[53] Moreover, sometimes certain aspects of the reorganization of large-scale businesses concern public interest. While no one wants fraud to be without consequences, this does not justify disregarding the rules put in place by the CCAA. These rules require, among other things, treating creditors equally, subject to any priority required by law. However, fraudulent debt does not constitute a priority claim, which the lawmakers could have otherwise provided for in the Act had they wanted to. Adopting a broad interpretation of any compensation involving fraudulent debt would have the effect of granting, in practice, an enhanced priority and significantly muddying the waters."

As for the Water Meter Claim, the Court held that legal compensation could not be effected in this regard, given that this claim was neither certain nor liquid nor exigible at the start of the insolvency proceedings[4], and especially given that the matter is still pending before the courts.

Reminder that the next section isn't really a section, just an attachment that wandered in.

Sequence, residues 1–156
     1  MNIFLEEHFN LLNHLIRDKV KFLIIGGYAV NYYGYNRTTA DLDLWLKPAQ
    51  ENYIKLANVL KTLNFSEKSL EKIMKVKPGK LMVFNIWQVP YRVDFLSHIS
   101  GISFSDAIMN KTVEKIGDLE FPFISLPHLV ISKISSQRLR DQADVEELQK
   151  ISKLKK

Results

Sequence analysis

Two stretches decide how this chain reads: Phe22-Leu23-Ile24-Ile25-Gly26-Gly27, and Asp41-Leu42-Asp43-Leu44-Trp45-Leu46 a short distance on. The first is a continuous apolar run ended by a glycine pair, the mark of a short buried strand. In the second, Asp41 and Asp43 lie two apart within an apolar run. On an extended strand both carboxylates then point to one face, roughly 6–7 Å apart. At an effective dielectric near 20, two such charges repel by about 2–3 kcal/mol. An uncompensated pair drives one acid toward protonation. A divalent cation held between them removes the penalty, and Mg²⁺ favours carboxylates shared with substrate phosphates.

Conclusion

This is an important decision in the area of insolvency law in that the Court of Appeal has explicitly clarified the legal effect of a "non-dischargeable" debt in insolvency proceedings. While this debt may not be compromised as part of a plan of arrangement (or settlement proposal under the Bankruptcy and Insolvency Act), the general suspension of proceedings and remedies will nevertheless continue to apply. It is also an important decision regarding civil law generally, in that the Court has held that a settlement entered into on a "without admission" basis and without acknowledgement of fault may not be asserted against the other party as proof of fault.

The Purchaser was advised by a Fasken team composed of Luc Béliveau, Marc-André Morin and Nicolas Mancini.



[1] Arrangement relating to Consultants SM inc., 2020 QCCA 438.

[2] Métaux Kitco inc. (Arrangement relating to), 2017 QCCA 268 ("Kitco").

[3] rrangement relating to Consultants SM inc., 2019 QCCS 2316.

[4] Art. 1673 C.C.Q.